Gone are the days of pushing a sausage roll and packet of lollies over the counter - Canberra's school canteens have evolved into a model of healthy living.
Workers have become meal planners, cooks, health promoters and managers working to keep a small business afloat while following strict government guidelines aimed at improving the health outcomes of children.
Every canteen menu item in every school is audited every year to ensure they comply with national guidelines. The massive culture shift, expected within the canteen and wider school community, has been asked of an already busy workforce composed mostly of volunteers.
Nutrition Australia ACT program manager and accredited practising dietitian Leanne Elliston has supported canteen managers through the transition, which accelerated when the ACT government introduced tight regulations about what could be sold in 2015.
Her audit of school canteens last year found 10 per cent met national guidelines on having majority 'green' or healthy items while 16 per cent had phased out red items. The body is now halfway through its 2017 audit.
"It is a whole shift of mindset from the days where you could serve treats and dish up pastries and it was all quite simple as well because it was such easy food that lasted for a long time on the shelf, it didn't go off, it didn't require much effort to put together, but also quite unhealthy and not good for our children during school hours when they need to think and concentrate," Ms Elliston said.
"Now since the policy has been out they've been able to meet the policy and we have particularly in this past run of audits … we are seeing some great changes, some really impressive stuff."
Ainslie School's shift towards healthy food started about 10 years ago when school parent Libby Bailey put her hand up to volunteer in the school canteen.
Pastries packed with preservatives reheated in pie warmers were swapped for homemade sausage rolls and curries made from scratch. Juice was binned. The term one menu for Oishii Canteen - oishii roughly translating from Japanese to mean a positive eating experience - features a 'bento box surprise', spaghetti bolognaise and hot chicken wraps.
Green food items are highlighted with a smiley face and vegetarian and halal options are also clearly identified. The canteen has its own Instagram and attracts workers by suggesting people out of work volunteer to improve their employability or new arrivals to Australia use the experience as a chance to learn English.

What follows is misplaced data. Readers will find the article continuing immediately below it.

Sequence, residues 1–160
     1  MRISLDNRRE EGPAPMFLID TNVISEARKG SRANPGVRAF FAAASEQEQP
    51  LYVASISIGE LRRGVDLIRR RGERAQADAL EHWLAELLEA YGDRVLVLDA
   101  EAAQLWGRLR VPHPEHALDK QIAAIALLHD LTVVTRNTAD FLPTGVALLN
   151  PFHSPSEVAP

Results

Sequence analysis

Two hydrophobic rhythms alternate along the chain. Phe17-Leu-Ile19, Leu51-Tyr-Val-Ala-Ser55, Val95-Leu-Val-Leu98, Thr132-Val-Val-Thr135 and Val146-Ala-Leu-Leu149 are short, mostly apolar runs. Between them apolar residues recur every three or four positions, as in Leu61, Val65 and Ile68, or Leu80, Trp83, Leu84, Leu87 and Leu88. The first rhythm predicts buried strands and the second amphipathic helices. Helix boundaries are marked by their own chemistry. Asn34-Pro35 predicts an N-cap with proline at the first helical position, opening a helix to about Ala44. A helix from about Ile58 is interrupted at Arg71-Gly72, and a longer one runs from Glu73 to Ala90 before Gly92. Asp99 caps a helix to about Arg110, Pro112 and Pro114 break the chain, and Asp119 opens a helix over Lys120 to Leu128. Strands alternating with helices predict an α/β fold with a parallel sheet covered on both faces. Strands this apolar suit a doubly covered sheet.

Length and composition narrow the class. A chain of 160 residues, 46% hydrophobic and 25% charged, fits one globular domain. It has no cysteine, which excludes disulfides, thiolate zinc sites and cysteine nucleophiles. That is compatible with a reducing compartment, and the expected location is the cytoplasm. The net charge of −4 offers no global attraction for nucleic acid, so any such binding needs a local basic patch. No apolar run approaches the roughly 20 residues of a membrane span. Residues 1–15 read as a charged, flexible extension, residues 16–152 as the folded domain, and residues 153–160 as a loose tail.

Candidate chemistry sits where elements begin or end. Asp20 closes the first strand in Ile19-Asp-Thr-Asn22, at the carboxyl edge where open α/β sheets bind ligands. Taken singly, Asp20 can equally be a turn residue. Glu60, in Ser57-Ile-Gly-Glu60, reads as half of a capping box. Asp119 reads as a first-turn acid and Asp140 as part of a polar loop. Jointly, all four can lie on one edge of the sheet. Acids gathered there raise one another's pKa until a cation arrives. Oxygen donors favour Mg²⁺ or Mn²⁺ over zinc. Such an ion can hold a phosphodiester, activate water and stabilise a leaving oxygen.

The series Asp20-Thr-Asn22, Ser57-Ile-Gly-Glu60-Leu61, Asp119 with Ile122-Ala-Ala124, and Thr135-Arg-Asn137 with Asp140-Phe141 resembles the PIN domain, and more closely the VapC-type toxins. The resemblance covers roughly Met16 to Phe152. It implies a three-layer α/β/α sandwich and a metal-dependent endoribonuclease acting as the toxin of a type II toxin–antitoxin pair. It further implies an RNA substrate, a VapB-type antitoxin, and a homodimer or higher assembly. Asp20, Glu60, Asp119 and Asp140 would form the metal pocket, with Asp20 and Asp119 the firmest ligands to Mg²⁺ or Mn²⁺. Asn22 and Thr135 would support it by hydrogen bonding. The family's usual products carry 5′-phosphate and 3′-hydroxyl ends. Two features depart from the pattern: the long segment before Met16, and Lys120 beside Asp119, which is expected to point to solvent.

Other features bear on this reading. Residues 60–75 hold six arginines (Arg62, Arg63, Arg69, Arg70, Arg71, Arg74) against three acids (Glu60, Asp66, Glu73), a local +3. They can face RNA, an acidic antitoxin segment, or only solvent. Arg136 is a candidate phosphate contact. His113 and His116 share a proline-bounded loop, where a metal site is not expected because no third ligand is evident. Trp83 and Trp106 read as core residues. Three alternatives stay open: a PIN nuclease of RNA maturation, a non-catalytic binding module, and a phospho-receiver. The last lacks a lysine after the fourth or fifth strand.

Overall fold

"ACT Health has been very supportive through their Fresh Taste program and that's allowed both canteens and schools to have a look at how they can improve access to healthy food and information in schools," Ms Bailey said.
"[But] you get a new policy or a new suggestion and you think well, who's going to pay for that or which volunteers are going to do that because we know that research says there's less and less volunteers across the community for anything, so if they want to reduce things like obesity and increase community connections then there needs to be some dollars and skills, some real professional skills attached to those things in the school setting."
An ACT Education Directorate spokeswoman pointed to a suite of resources available to school canteens, including policies, posters and the Fresh Taste program, which offers training, advice and assistance in implementing healthy eating guidelines.
"The [ACT Nutrition Support Service] also provides regular advice and support to canteens in relation to the canteen menu assessment report and other new menu items to increase healthier choices," she said.
Ms Bailey said passion drove Oishii's volunteers and two paid staff, sharing one position, to continue in their role despite an increasing workload. Watching the change in children made the hard work worthwhile, she said.
"Kids now will show you and be incredibly pumped and proud that 'I've got a wholemeal sandwich and it's got three vegetables on it, I've got my carrot sticks, I've got my hummus, my banana for recess, and I've got some cheese sticks'," she said.
'It's hard work but if you're passionate about healthy communities and healthy kids then you pump the hours into it."
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